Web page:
Sekizoku (a flint arrowhead) (石鏃)
Sekizoku is a type of stone tool also called a Yajiri (arrowhead; 鏃 or 矢尻 in Chinese characters).
Sekizoku was developed as the usage of Yumiya (a bow and arrow) started in the Jomon period and it was used during Jomon and Yayoi periods mainly as a hunting tool.
Sekizoku is classified into three structural types depending on the shape of ki-hen (the base); Hei-ki (flat base), which had a straight base, concave base, which had a depression, and convex base, which had a projection. Sekizoku can be also classified into the following four types depending on the presence or absence of nakago (a stem; a projection area); the flat base type (without nakago), the concave base type (without nakago), the convex base type without nakago, the convex base type (with nakago).
Sentoki (points) of the Paleolithic period is similar stone tool to Sekizoku. Konohagata (a leaf-shape) Sentoki was used as a lance and Yuzetsu Sentoki (points with projection) was used as a dart. Length and weight of the former Sentoki vary greatly. Length and weight of the latter Sentoki were uniform.
Yajiri (arrowheads) of the Jomon period were thin and triangular-shaped. On the other hand, arrowheads of the mid-Yayoi period in the Kinki region were made to be thick and heavy and most were leaf-shaped while some were triangular-shaped. Their weights were equivalent to the weight of the arrowheads made from iron or bronze. The heavier the arrowheads became, the more damage they caused. Arrowheads of the early Jomon period were made light, so they were able to fly fast and far to hunt deer and wild boar effectively. Light weight arrowheads were used until beginning of the Yayoi period; however, the bigger and heavier arrowheads which could penetrate deeper started to be used in the Kinki region between the first century before Christ and the first century of the Christian era. In other words, the use of the arrowhead as weapons increased.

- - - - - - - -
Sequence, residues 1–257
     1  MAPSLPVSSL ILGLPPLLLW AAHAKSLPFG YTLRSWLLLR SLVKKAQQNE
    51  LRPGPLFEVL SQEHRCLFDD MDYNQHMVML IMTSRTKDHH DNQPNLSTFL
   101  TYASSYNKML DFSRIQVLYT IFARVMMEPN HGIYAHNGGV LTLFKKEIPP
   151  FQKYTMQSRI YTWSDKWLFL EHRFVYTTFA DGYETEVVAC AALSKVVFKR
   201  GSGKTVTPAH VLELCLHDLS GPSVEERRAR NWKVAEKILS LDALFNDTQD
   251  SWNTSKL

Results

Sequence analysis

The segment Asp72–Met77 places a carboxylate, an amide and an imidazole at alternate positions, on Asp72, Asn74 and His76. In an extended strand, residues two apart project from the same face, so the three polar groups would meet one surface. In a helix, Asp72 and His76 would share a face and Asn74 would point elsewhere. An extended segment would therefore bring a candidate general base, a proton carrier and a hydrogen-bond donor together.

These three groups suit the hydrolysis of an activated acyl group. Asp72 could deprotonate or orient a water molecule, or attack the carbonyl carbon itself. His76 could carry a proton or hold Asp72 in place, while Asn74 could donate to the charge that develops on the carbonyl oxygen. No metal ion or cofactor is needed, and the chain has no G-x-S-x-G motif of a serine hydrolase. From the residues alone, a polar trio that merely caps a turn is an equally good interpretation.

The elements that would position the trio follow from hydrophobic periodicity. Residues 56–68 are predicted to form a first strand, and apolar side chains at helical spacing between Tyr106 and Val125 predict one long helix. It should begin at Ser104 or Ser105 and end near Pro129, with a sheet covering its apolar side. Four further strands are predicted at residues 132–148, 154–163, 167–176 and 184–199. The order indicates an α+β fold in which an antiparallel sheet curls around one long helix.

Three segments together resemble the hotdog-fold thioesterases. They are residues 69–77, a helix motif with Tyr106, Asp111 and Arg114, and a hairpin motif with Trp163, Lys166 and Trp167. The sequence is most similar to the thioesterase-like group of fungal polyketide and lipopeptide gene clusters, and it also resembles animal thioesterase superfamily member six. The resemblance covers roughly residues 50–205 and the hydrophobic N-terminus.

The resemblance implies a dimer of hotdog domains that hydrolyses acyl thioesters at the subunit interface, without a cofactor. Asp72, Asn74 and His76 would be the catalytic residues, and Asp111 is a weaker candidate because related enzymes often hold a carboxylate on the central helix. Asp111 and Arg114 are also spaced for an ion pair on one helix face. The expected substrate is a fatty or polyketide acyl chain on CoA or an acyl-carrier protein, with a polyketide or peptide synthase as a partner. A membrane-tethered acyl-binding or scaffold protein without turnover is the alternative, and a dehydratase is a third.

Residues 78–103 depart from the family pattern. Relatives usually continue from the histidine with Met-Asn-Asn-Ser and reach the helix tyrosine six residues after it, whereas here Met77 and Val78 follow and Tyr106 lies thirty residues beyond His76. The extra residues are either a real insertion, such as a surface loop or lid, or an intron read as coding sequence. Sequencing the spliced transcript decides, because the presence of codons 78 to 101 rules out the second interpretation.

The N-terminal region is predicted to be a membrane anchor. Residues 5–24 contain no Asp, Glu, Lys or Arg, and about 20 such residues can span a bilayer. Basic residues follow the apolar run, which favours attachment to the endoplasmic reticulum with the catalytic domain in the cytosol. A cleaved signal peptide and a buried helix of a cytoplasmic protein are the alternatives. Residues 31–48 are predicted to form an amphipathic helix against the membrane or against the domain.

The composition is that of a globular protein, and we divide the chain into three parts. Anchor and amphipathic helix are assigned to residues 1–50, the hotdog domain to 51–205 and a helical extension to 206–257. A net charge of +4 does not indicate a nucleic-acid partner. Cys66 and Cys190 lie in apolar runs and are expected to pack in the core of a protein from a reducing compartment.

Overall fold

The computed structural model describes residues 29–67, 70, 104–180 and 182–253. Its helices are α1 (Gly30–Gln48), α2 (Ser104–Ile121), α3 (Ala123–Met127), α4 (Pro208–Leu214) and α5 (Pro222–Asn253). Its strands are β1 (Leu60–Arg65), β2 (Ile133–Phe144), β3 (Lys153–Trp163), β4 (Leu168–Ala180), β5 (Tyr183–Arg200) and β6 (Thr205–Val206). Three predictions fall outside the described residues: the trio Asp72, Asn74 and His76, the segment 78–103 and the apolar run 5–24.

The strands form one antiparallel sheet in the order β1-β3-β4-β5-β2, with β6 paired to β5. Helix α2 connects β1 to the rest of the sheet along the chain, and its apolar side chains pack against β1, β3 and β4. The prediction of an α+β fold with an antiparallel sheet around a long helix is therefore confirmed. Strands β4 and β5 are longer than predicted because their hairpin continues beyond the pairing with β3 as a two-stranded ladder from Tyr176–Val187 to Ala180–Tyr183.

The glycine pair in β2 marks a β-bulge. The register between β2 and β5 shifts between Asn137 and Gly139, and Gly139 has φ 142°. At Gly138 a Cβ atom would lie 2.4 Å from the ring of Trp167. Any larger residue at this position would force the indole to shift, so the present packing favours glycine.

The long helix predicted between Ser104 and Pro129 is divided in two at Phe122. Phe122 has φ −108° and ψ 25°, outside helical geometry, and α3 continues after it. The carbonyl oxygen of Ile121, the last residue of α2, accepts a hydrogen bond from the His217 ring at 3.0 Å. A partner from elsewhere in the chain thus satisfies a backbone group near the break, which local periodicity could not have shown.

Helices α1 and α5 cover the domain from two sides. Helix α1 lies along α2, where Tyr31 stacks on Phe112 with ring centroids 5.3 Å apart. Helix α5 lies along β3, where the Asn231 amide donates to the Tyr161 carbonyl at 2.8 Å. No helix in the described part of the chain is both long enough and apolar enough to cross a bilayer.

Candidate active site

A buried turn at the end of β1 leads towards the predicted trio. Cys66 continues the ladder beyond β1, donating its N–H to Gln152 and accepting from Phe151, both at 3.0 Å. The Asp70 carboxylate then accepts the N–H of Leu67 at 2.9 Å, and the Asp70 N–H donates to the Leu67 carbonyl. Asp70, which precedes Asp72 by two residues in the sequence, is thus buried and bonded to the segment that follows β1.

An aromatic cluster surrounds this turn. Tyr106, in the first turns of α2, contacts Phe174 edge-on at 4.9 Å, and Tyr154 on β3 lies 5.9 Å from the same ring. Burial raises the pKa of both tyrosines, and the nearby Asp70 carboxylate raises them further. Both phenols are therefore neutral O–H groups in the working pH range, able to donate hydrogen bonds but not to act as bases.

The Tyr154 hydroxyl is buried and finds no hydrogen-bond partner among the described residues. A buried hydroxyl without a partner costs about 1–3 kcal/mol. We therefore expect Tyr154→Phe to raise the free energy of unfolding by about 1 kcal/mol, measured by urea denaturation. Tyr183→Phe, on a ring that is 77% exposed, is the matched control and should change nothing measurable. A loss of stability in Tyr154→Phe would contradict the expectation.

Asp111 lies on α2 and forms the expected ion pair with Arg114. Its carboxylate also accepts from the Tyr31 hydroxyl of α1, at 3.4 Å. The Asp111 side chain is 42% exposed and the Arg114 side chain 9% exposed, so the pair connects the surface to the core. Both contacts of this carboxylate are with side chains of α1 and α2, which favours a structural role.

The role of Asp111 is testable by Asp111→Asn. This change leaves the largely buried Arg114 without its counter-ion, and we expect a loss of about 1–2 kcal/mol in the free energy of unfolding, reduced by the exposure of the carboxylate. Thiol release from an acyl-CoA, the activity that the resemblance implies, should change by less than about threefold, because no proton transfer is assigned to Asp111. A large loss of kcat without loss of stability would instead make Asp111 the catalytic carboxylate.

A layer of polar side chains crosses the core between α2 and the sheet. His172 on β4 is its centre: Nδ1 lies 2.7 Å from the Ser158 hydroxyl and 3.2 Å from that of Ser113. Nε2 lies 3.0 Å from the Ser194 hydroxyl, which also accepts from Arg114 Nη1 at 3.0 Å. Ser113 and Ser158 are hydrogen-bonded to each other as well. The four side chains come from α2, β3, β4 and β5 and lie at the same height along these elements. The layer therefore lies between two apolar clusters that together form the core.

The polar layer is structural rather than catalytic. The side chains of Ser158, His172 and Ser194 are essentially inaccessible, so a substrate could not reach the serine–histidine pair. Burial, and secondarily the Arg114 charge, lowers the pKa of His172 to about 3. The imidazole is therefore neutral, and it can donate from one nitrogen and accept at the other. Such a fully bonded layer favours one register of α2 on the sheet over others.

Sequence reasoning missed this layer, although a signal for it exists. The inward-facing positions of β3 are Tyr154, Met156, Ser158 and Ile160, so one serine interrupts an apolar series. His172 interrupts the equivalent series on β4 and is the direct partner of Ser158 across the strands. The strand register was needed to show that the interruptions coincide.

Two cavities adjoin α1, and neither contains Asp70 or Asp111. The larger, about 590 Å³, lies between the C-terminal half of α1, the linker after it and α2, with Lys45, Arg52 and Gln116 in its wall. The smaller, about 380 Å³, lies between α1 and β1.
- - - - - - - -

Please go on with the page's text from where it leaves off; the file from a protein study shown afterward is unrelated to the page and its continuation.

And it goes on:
The majority of Sekizoku weighed less than two grams and was between one and three centimeters in size throughout the time until the beginning of the Jomon period to the beginning of the Yayoi period. These findings revealed that there were no major changes in the overall design of hunting equipment for a long period of time. Sekizoku, which was easy to penetrate deeper, suddenly appeared in the Kinki region during the Yayoi period as upland settlements were built and many of such Sekizoku have been unearthed. It is thought from these circumstances that tools for hunting became weapons.
A human skeleton embedded many arrowheads were found inside the Kamekan (an earthenware jar-coffin) in the Yoshinogari Ruins. 10 arrowheads made from partially grinded stone, chipped stones, or shark teeth were embedded in the skeleton.
Process of making Sekizoku
Sekizoku were mainly made of obsidian, slate, or shale. Sekizoku belongs to flake stone tools. Picture shows a Sekizoku without a projection (Mukei Sekizoku), although there are Sekizoku that have a projection opposite the pointed top of an arrowhead and these are called Yukei Sekizoku (Sekizoku with projection).
Sekizoku during the Jomon period was produced by chipping an ore followed by sharpening it to the form of Sekizoku. The majority of Sekizoku belongs to chipped stone tools. The production of ground stone tools that involved the method of grinding the side of Sekizoku increased after the Yayoi period.
Attachment of Sekizoku to the shaft
It is thought that Sekizoku was attached to the shaft by tying it to tubulous plants in its hollow areas using string. For Yukei Sekizoku, it is thought that the projection was attached to the depression area to increase the strength. Moreover, asphalt was often detected on Sekizoku pieces found in the Tohoku and Hokkaido regions; thus, natural asphalt from oil mines in the Akita Prefecture is thought to be distributed throughout northern Japan by trade.
Sekisen (a stone harpoon)
There is evidence that Sekizoku was used as a fishing tool. Sekizoku is thought to be attached to the top part of a rotary-type separation head harpoon (a bone tool) when it was used as a fishing tool. However, chipped stone tools similar to Yukei Sekizoku, excluding its thick base (projected part) and poor construction, were seldom excavated. These are called Sekisen differentiated from Sekizoku. Sekisen are rarely found; therefore, many of its details including the usage, are not clear.